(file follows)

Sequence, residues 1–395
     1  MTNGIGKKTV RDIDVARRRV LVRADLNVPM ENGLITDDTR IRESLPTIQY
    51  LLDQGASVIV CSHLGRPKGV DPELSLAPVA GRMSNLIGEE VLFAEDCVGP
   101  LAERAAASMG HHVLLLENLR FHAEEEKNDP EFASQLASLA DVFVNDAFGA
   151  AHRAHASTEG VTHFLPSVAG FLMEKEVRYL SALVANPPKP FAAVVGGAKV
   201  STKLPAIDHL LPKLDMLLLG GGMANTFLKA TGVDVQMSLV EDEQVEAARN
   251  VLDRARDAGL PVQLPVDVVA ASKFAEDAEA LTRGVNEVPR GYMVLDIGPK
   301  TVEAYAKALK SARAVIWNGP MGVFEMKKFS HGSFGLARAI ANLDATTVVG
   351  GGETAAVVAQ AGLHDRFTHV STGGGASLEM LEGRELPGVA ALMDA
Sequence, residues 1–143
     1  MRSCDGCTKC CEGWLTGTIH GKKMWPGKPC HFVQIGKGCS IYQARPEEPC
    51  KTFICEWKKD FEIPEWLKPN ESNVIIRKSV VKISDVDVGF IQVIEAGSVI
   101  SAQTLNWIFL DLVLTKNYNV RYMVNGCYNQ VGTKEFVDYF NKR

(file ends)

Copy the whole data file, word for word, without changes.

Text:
Sequence, residues 1–395
     1  MTNGIGKKTV RDIDVARRRV LVRADLNVPM ENGLITDDTR IRESLPTIQY
    51  LLDQGASVIV CSHLGRPKGV DPELSLAPVA GRMSNLIGEE VLFAEDCVGP
   101  LAERAAASMG HHVLLLENLR FHAEEEKNDP EFASQLASLA DVFVNDAFGA
   151  AHRAHASTEG VTHFLPSVAG FLMEKEVRYL SALVANPPKP FAAVVGGAKV
   201  STKLPAIDHL LPKLDMLLLG GGMANTFLKA TGVDVQMSLV EDEQVEAARN
   251  VLDRARDAGL PVQLPVDVVA ASKFAEDAEA LTRGVNEVPR GYMVLDIGPK
   301  TVEAYAKALK SARAVIWNGP MGVFEMKKFS HGSFGLARAI ANLDATTVVG
   351  GGETAAVVAQ AGLHDRFTHV STGGGASLEM LEGRELPGVA ALMDA
Sequence, residues 1–143
     1  MRSCDGCTKC CEGWLTGTIH GKKMWPGKPC HFVQIGKGCS IYQARPEEPC
    51  KTFICEWKKD FEIPEWLKPN ESNVIIRKSV VKISDVDVGF IQVIEAGSVI
   101  SAQTLNWIFL DLVLTKNYNV RYMVNGCYNQ VGTKEFVDYF NKR